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JOHANN HEROLT (d. 1468).
Sermones Discipuli de tempore et de sanctis cum promptuario exemplorum.
[Reutlingen: Michael Greyff, c. 1479-1482].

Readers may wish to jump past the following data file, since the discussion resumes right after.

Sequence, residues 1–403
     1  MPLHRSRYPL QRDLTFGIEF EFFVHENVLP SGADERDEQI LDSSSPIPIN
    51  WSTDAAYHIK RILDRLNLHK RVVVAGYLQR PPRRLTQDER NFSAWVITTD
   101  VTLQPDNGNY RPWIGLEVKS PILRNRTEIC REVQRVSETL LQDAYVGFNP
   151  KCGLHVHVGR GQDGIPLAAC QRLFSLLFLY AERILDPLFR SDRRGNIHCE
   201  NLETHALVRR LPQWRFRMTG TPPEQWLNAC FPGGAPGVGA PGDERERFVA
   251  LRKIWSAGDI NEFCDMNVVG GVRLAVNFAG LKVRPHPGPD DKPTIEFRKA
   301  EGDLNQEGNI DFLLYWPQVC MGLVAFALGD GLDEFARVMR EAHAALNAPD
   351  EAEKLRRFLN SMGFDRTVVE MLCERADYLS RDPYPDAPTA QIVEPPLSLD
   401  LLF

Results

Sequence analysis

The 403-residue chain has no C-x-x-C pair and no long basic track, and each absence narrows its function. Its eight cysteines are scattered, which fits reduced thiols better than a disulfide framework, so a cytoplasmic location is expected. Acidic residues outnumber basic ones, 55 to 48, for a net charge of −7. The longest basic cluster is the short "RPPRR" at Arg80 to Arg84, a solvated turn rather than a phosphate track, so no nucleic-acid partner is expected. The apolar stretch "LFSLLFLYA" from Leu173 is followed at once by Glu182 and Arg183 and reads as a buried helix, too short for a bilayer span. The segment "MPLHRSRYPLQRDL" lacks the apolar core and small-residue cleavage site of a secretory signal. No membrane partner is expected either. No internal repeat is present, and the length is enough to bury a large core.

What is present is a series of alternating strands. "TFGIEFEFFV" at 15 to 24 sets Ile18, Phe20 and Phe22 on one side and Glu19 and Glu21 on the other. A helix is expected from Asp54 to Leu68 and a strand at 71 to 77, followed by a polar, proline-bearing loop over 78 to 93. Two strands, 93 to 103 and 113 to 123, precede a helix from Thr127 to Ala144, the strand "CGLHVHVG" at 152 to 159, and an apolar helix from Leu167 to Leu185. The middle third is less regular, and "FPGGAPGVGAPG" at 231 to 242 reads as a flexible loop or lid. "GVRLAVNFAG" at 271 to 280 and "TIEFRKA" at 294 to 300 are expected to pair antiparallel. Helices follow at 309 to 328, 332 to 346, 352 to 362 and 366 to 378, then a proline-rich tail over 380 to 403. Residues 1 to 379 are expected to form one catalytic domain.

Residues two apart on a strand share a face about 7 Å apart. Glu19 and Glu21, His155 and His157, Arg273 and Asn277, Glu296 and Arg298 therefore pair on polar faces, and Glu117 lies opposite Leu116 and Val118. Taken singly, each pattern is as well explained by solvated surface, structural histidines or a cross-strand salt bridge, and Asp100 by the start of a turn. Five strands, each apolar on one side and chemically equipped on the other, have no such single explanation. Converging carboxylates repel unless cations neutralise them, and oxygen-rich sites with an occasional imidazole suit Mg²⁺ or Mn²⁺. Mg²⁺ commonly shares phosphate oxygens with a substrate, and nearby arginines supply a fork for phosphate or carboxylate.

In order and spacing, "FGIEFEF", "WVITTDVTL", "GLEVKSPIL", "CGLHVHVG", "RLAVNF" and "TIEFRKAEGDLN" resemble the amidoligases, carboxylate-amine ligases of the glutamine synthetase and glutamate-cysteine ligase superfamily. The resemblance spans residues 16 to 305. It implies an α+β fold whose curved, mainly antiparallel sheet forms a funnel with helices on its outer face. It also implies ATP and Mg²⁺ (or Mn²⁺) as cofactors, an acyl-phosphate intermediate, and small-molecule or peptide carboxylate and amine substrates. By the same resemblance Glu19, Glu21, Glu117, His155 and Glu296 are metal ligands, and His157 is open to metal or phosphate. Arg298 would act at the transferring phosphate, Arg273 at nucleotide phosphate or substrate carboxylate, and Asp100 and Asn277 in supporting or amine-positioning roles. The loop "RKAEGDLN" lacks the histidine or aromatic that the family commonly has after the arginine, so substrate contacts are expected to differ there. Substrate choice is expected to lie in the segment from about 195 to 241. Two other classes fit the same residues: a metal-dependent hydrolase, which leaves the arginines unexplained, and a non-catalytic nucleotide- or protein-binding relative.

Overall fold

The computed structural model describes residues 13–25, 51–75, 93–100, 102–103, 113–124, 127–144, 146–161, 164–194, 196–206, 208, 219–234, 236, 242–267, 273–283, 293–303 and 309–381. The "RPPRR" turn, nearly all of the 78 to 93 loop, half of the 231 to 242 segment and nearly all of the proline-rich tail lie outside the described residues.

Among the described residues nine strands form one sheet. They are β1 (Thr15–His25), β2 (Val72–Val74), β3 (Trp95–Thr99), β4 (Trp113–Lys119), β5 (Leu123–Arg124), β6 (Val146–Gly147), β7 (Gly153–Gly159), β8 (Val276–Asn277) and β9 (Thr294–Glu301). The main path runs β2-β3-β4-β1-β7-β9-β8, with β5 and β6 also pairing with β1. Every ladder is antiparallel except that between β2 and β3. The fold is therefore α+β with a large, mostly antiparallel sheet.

Johannes Richenbach (d. 1486), who conspicuously signed and dated many of his bindings from 1467 to 1486, is one of the few fifteenth-century bookbinders identified by name. A parish chaplain at Geislingen near Ulm, Richenbach was the first binder known to decorate his bindings using metal rolls bearing incised patterns that created repeating friezes. On Bridwell Library’s unsigned pigskin binding, Richenbach’s rolls consist of floral motifs, hunters and birds, and running dragons, and his stamping tools include a circular eagle and large rosette, a lozenge-shaped Head of Christ, and a fleur-de-lis. Other characteristic features of Richenbach’s style are the title “Discipulus” that he stamped and painted in large letters across the top of the front cover, and his unusual habit of adding red and brown pigment to certain blind-tooled emblems. One of at least sixty Richenbach bindings that survive, Bridwell Library’s was the last example recorded in private hands before it was purchased in 2002.